What is Bladder Cancer?
Blabber Cancer is a type of cancer that begins in your bladder most often in the cells that line the inside of the bladder. Bladder cancer typically affects adults, though it can occur at any age.
- Transitional Cell Bladder Cancer (TCC)
TCC, also known as urothelial carcinoma, is the most common type of bladder cancer. Cancer starts in cells, called transitional cells, in the bladder lining (urothelium). Some bladder cancers begin as an invasive tumor growing into the muscle wall of the bladder. Others begin at a non-invasive stage that involves only the inner lining of the bladder – this is early (superficial) bladder cancer. Some non-invasive cancers develop into invasive bladder cancer.
- Carcinoma in Situ (CIS)
It is a type of non-invasive bladder cancer that appears as a flat, red area in the bladder. CIS can grow quickly, and if it’s not treated effectively, there’s a high risk that CIS will develop into an invasive bladder cancer.
- Papillary Cancer
Papillary Bladder cancer is a form of early bladder cancer. It appears as mushroom-like growths or is leaf-shaped like seaweed (fronds). Some people may have both papillary cancer and CIS.
- Rarer Types of Bladder Cancer
These include squamous cell cancer and adenocarcinoma. Squamous cell cancers start from a different kind of cell in the bladder lining. Adenocarcinoma starts from epithelial cells. Both of these types of bladder cancer are usually invasive.
- Blood in your urine
- A frequent urge to urinate
- Pain when you urinate
- Low back pain
- Increasing age
- Other chemicals
- Ethnic background
- Food and drink
- Previous radiotherapy or chemotherapy
- Repeated bouts
- Radiation Therapy is a high-energy ray that kills cancer cells and normal cells in its path. Radiation may be given for small muscle-invasive bladder cancers. It is commonly used as an alternative approach to surgery.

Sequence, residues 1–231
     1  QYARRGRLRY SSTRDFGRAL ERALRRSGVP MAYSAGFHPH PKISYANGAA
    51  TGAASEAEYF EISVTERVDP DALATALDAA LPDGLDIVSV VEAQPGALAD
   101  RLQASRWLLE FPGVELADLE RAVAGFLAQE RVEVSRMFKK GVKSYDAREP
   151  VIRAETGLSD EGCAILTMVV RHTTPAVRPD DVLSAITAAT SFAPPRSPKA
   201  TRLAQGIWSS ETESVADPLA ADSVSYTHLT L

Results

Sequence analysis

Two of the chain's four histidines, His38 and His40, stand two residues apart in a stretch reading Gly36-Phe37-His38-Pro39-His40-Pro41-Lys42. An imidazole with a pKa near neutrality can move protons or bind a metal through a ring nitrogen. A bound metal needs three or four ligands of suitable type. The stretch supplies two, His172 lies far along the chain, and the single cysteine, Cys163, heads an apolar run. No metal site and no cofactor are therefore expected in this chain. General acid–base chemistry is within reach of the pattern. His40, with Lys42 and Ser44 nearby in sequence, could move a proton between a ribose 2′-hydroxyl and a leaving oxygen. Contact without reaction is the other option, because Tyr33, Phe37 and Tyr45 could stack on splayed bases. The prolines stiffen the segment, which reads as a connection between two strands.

- Chemotherapy is the use of powerful drugs to kill cancer. In bladder cancer, chemotherapy may be given alone or with surgery or radiation therapy or both. It may be given before or after the other therapies. Chemotherapy can usually be given as day-care procedure, but it may require a stay in the hospital.
- Transurethral Resection with Fulguration In this operation, an instrument (resectoscope) is inserted through the urethra and into the bladder. A small wire loop on the end of the instrument then removes the tumor by cutting it or burning it with electrical current (fulguration). It is usually performed for the initial diagnosis of bladder cancer and the treatment of stages Ta and T1 cancers. Often, after transurethral resection, additional treatment is given (for example, intravesical therapy) to help treat the bladder cancer.
- Radical Cystectomy In this operation, the entire bladder is removed, as well as its surrounding lymph nodes and other structures that may contain cancer. It is usually performed for cancers that have at least invaded into the muscular layer of the bladder wall or for more superficial cancers that extend over much of the bladder or that have failed to respond to more conservative treatments. Occasionally, the bladder is removed to relieve severe urinary symptoms.
- Segmental or Partial Cystectomy In this operation, part of the bladder is removed. It is usually performed for solitary low-grade tumors that have invaded the bladder wall but are limited to a small area of the bladder.